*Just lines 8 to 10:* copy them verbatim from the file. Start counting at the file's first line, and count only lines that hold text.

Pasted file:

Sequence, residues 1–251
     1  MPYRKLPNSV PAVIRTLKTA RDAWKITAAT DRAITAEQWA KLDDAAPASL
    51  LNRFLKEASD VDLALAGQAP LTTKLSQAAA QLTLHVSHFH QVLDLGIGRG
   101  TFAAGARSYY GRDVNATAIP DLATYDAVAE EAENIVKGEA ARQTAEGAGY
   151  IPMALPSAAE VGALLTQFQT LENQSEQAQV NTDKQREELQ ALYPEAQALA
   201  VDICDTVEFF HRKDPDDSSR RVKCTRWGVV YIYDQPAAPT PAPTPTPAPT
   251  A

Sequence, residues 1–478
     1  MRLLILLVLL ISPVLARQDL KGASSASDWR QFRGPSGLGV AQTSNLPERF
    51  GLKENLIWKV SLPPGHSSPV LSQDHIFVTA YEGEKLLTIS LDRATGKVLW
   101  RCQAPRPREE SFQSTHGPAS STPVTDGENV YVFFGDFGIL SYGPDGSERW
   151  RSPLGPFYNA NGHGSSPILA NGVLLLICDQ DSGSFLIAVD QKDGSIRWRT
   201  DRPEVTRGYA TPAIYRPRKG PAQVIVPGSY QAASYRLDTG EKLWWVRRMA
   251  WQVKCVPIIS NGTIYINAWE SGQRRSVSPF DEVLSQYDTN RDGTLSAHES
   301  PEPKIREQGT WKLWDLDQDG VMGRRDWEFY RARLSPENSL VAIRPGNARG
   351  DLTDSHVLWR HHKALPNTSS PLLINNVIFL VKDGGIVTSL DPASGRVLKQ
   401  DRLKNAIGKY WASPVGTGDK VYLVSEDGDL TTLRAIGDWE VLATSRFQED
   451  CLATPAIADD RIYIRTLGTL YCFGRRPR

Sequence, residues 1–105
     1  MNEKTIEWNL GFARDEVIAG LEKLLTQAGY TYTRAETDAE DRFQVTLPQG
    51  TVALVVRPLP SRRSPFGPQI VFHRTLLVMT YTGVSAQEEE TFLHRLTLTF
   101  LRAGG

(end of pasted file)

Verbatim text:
Sequence, residues 1–478
     1  MRLLILLVLL ISPVLARQDL KGASSASDWR QFRGPSGLGV AQTSNLPERF
    51  GLKENLIWKV SLPPGHSSPV LSQDHIFVTA YEGEKLLTIS LDRATGKVLW